Lockscreens on mobile phones have become a poisoned chalice.
The theory is simple: after a suitably brief interval (we recommend a maximum of two minutes, inconvenience notwithstanding), your phone locks.
When you next try to use your phone, it pops up a special screen on which you need to put in a secret passcode or scan your fingerprint before you can get back in and access the apps and data on the device.
The benefits of a lockscreen are obvious: it makes it harder for a crook who steals your phone to steal your personal information as well, and it protects you from the sort of childish pranks that some so-called “friends” can’t resist playing if they see your phone unattended.
In practice, though, lockscreens have become less about locking your phone, and more about merely limiting the features you can use without knowing the passcode.
Some of these “use at any time” features are there for regulatory reasons, such as the ability to make emergency calls without unlocking the phone.
If you’re in a panic and in a hurry, the ability to dial 112 (or 911, 999, 000, etc.) without first fiddling with your passcode makes perfect sense.
But many other “use at any time” features are there purely for convenience, such as swiping on the camera icon on a locked iPhone in order to take pictures without authenticating first.
At odds with security
You can see why this sort of feature is at odds with security: every specially-programmed exception in the lockscreen opens up a whole new risk.
For example, after you’ve taken pictures on a locked iPhone (a feature, annoyingly, that can no longer be turned off), you can browse and even edit them using the Photos app…
…but only the photos you just took, so that you can’t use the Photos app to sneak a look at any earlier pictures already on the phone.
In other words, the Photos app became more complicated in order to support a less powerful mode of operation.
Sadly, there are numerous other apps you can authorise to run, albeit in restricted form, from your iPhone’s lockscreen.
And each new lockscreen app increases the risk that some exploitable vulnerability will be opened up, right when you expect your phone to be at its most secure.
The risk of Siri
Historically, one of the riskiest apps to enable on your lockscreen has been Apple’s voice command system, Siri, which has been implicated in numerous lockscreen bugs and security issues over the years.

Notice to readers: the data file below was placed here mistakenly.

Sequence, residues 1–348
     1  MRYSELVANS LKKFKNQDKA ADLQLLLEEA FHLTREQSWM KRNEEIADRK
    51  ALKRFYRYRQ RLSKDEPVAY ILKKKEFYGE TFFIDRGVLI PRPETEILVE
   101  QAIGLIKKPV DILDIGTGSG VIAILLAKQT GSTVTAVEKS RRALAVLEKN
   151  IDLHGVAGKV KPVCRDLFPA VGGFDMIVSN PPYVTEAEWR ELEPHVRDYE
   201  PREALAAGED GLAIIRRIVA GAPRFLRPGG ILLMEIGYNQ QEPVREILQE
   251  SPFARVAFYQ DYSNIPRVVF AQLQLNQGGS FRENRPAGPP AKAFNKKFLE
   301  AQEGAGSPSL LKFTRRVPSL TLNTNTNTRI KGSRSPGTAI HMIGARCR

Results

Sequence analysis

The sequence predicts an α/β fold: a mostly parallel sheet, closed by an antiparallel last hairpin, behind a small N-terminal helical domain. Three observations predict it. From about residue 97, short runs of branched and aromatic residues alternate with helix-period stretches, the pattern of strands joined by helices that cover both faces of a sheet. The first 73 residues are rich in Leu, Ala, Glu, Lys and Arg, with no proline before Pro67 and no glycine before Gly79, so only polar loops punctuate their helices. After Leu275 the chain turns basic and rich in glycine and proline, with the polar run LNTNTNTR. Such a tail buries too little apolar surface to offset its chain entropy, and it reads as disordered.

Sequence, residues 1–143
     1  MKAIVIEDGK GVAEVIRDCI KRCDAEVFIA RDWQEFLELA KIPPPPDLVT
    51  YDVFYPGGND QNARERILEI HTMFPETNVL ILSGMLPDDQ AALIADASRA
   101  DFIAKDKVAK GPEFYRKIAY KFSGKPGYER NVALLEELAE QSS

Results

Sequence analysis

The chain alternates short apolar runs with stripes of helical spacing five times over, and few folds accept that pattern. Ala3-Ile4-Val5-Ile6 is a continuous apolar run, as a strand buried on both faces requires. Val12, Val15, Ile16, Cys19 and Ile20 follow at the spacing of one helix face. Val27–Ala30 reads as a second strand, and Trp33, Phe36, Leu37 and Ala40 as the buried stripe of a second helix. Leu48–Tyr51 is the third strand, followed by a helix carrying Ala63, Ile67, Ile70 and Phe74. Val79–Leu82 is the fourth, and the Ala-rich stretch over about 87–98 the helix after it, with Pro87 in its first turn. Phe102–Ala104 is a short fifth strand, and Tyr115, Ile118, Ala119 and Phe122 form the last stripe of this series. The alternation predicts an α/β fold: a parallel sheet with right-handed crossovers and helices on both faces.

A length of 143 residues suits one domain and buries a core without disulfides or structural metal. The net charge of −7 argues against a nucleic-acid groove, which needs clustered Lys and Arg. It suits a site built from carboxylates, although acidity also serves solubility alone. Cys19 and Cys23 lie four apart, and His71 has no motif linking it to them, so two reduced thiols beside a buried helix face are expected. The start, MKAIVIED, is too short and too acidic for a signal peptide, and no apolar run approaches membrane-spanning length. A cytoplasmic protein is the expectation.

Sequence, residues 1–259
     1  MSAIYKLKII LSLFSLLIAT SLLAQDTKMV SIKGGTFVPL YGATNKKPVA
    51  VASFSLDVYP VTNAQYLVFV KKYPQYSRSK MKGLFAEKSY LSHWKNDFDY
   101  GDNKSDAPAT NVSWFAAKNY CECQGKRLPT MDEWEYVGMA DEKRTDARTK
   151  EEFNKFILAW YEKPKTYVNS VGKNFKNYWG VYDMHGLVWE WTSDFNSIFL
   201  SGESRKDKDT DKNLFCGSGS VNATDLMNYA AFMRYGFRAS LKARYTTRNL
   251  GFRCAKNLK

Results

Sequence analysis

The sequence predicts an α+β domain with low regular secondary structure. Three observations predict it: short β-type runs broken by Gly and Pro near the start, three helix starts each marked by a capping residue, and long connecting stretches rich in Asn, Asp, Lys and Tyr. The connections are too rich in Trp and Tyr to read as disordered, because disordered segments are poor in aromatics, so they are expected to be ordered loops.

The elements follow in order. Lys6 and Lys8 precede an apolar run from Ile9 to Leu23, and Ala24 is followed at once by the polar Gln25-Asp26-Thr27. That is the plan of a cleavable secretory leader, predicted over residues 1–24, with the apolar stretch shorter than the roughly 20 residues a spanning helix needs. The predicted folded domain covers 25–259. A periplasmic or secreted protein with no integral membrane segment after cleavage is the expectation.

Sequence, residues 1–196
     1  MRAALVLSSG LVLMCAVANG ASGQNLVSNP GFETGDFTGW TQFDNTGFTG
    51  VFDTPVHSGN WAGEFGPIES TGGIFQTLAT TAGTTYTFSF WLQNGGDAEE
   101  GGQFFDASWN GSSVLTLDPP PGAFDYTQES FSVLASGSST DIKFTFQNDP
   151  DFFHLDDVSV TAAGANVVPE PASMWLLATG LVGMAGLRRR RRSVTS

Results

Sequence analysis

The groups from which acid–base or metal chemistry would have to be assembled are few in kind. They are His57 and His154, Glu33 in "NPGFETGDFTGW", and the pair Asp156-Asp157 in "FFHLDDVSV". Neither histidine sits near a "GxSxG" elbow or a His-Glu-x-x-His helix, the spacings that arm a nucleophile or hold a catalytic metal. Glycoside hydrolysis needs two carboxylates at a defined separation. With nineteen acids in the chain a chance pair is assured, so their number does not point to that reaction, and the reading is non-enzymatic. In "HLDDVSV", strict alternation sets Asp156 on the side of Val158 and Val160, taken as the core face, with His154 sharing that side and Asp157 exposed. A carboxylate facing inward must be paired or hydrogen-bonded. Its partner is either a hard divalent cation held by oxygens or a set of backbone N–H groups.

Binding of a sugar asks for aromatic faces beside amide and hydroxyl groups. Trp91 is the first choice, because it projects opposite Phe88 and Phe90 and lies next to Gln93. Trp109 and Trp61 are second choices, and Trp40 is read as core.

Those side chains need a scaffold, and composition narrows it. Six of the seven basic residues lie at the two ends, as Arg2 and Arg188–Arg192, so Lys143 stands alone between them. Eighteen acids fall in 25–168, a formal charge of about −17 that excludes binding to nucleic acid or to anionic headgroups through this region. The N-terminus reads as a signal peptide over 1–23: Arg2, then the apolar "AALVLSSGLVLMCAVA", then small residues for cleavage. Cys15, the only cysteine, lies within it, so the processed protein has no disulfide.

Typically, Siri-based lockscreen holes exploit the fact that Siri needs to know which voice commands are off-limits when your phone is locked.
As you can imagine, any errors or omissions in Siri’s lockscreen “command blocklist” could essentially turn Siri into an unofficial backdoor.
We’ve written about many such glitches before, and another one surfaced on YouTube earlier this week.
The latest security Siriness relied on a sequence something like this:
- Ask Siri to open Twitter.
- Use Siri to do a Twitter search.
- Find a tweet containing an email address.
So far, this sounds fairly harmless, and feels like a safe sequence of voice commands to permit from the lockscreen.
After all, these commands only search Twitter for data that is already posted publicly, whether by you or anyone else.
The problem was that if you had an iPhone 6S (or 6S Plus), with its new type of pressure-sensitive screen known as 3D Touch, you could then use a special way of pressing the screen on the email address in the tweet you just found.
This screen-press would bring up a context-sensitive menu giving you access to the Contacts app so you could add the new email address as a contact.
Presumably, given that this particular programmatic pathway into the Contacts app was impossible before 3D Touch was introduced, it was never identified as a possible security short-cut past the lockscreen, never tested, and never blocked.
But once you’d opened the Contacts app, you could then access the whole contact list, even though you’d started from the lockscreen and never entered the passcode.
No update required
The fix turned out to be surprisingly easy, and didn’t even require Apple to push out an iOS update. (Just as well, because the latest iOS update, 9.3.1, came out less than a week ago.)
It seems that all Apple had to do to patch against this flaw, or perhaps more accurately to work around it, was to reconfigure Siri not to process “open Twitter” commands from the lockscreen.
And that didn’t need an update because Siri’s voice processing is done “in the cloud,” not on your iPhone.
OS X has the option to install Siri’s voice matching databases locally and to do all the voice processing locally, but iPhones don’t really have enough processing power or local file storage for that.
As a result, Siri on the iPhone doesn’t support local-only operation: your voice commands are always uploaded to Apple’s servers to be processed.
Ironically, then, a cloud-based feature that was once criticised for putting your privacy and security at risk (because it processes your voice remotely) turned out to be a handy way of fixing a privacy and security bug (because it processes your voice remotely).
What to do?
Even though this trick no longer works, Siri remains a liability on your lockscreen, and so we very strongly recommend that you don’t allow it.
Indeed, if you have a Mobile Device Management (MDM) product that can centrally enforce iOS security policies in your organisation, we recommend “no Siri on the lockscreen” as a company-wide setting.
There’s a downside: you will no longer be able to do a hands-free check whether someone just mentioned you on Twitter while you’re driving.
We think you’ll be able to live with that.